Job seekers

Randy Wooden: LinkedIn isn’t just for active job seekers | Local

I was recently asked to present a workshop on LinkedIn at a statewide conference. Nothing unusual about that.

What struck me was the number of participants who hadn’t done much with LinkedIn, either because they weren’t active job seekers or simply because they didn’t see not the “why” behind spending time with it.

Many Goodwill Professional Center clients have expressed the same sentiment, except they are now job hunting and know they need to up their LinkedIn game.

Today, as part one of a two-part series, I’m going to share some thoughts on LinkedIn and why it matters, even if you’re not an active job seeker. Next time, I’ll offer tips for making the most of your time on the platform.

Why should I bother with LinkedIn if I’m not a job seeker? There are several reasons. We’ll take a look.

For starters, even if you’re happy with your current position, you may be a passive job seeker. How will recruiters find you if you’re not on LinkedIn or, maybe on it, but with a very skeletal profile page? Even if you’re not interested in the opportunities, you might be able to recommend a friend you know is looking. Paying it forward never hurts.

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Here’s a second reason – control. It’s a big. Think about it. If you’re planning a vacation, you’ll go online to check out places to stay, eat, and experience. The same goes for those who may be interviewed with you or your department. They’ll check you out on LinkedIn just like, I assume, you will check them out.

To some extent, your personal LinkedIn profile is an extension of your business. A beautiful profile creates a positive impression. A missing or incomplete profile, not so much.

If your company will provide services to my company, rest assured that my people will check your team to see who we will be dealing with.

Learning is another reason to engage on LinkedIn. What’s new in your field? Thinking of changing domains? Maybe learn about a new industry or a new function. Join the discussion with others who share your interests or passion in certain areas.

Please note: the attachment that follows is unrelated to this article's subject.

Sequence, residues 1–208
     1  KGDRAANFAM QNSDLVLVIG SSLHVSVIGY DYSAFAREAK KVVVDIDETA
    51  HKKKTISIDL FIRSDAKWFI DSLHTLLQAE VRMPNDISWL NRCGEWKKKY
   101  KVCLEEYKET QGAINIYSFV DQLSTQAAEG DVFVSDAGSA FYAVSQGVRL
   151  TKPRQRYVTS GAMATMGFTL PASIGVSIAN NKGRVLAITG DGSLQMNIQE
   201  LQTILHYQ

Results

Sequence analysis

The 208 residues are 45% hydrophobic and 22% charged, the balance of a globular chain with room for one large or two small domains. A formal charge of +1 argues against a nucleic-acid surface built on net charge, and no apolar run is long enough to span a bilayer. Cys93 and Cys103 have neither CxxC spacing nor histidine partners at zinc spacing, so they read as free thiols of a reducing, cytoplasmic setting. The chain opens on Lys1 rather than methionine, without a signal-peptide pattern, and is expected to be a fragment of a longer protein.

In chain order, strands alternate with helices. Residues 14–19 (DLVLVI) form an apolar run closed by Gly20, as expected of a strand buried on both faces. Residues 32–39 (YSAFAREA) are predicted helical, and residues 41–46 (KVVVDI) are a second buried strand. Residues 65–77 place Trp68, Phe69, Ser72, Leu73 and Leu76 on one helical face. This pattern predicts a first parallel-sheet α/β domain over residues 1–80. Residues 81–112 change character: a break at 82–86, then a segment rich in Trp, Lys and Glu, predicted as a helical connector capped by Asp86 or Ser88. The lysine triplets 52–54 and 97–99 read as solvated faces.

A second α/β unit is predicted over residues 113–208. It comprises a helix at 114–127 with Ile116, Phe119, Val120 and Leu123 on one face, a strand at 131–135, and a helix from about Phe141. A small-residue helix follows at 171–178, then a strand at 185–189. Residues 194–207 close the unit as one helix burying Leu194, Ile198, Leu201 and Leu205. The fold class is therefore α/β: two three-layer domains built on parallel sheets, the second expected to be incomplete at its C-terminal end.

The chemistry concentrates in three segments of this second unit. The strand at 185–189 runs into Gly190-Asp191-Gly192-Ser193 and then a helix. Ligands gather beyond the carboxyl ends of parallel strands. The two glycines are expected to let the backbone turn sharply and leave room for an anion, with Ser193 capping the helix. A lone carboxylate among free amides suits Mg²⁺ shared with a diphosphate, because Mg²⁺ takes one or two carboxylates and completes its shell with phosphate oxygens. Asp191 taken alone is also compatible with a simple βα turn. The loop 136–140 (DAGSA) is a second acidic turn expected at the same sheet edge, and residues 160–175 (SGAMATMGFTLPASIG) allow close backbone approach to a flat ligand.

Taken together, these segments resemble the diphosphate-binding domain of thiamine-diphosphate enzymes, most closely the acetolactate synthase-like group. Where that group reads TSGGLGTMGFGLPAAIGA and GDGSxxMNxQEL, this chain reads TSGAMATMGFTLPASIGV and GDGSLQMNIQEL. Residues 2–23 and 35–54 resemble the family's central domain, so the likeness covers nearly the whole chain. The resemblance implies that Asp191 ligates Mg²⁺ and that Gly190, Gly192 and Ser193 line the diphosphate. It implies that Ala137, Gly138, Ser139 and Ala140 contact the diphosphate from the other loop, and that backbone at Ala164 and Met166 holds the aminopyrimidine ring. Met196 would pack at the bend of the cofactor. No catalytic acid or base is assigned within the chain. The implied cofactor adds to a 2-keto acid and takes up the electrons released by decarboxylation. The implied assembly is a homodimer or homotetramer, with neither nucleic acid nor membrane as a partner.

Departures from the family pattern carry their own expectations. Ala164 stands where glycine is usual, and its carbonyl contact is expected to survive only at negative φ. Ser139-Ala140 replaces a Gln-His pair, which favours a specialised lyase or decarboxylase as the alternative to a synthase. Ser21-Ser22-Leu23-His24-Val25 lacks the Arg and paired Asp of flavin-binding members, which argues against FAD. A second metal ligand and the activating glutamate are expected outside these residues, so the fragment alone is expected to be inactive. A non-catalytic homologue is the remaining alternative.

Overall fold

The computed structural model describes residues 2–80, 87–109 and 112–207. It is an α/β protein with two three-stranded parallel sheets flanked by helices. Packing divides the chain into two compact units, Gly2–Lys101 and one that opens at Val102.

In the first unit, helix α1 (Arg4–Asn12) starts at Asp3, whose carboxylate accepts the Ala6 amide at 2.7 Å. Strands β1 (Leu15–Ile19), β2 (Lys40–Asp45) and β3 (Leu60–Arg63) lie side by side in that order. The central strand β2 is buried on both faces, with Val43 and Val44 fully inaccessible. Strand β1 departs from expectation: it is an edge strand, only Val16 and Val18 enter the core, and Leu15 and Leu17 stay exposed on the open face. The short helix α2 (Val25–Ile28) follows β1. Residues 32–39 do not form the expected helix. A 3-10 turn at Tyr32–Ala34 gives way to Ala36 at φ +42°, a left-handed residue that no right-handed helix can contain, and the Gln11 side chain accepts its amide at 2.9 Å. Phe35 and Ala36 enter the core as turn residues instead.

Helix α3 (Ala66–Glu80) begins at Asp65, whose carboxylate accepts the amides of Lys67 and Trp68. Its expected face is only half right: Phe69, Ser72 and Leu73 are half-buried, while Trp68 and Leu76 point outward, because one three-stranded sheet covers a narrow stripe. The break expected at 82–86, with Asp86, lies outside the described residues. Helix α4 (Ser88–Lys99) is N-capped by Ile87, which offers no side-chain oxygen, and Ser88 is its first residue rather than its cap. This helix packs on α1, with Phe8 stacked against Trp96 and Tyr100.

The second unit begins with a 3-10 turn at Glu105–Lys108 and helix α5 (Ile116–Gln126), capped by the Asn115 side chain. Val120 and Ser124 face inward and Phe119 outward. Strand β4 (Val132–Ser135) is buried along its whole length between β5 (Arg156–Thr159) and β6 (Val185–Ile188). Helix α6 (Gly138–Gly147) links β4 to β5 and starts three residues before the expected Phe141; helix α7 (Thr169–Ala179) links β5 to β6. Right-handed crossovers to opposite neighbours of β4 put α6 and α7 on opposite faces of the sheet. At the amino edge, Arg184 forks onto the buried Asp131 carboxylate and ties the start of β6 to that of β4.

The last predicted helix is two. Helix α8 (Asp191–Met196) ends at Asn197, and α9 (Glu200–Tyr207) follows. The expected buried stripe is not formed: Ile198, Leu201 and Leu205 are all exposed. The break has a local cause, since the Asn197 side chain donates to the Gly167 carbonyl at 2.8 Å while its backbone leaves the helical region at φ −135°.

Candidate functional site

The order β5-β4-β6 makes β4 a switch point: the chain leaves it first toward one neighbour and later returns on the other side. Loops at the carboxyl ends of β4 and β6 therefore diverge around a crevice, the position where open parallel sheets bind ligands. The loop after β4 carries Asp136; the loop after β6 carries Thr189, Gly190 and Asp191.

For those who love lifelong learning, if you’re a LinkedIn Premium member, you’ll get access to LinkedIn Learning. It’s a great way to improve in a myriad of areas. Their sessions are divided into categories, ranging from beginner to expert, so you don’t get overwhelmed.

Once you complete a course, you can post that achievement on your LinkedIn profile for others to see.

And last but not least, it can be fun! While certainly not all LinkedIn connections will turn into business relationships, let alone personal friendships, you never know. Remember that even if you are not an active job seeker, you will develop different levels of relationships with others on the platform.

Even if you’re not an active job seeker today, you’ll come to appreciate the network you’ve cultivated when that day comes when you seek new opportunities.

As a friend told me, don’t wait until you’re thirsty to dig your well.

I hope today’s column opened up a thought or two about why LinkedIn is important for more than just actively searching for a job.

Next time, I’ll share tips to ensure you make the most of your time on what has clearly become the go-to source for professional job seekers and recruiters.

As always, if you wish to be accompanied in your job search, the services of our center are free. Good luck!

Randy Wooden is a longtime career consultant for Triad and director of the career center at Goodwill Industries of Northwest NC. Contact him at [email protected] or 336-407-7306. For more information, visit www.goodwillnwnc.org/professional-center. Ask Randy for his weekly job search talk show on Wednesdays and his free LinkedIn webinar on Thursdays.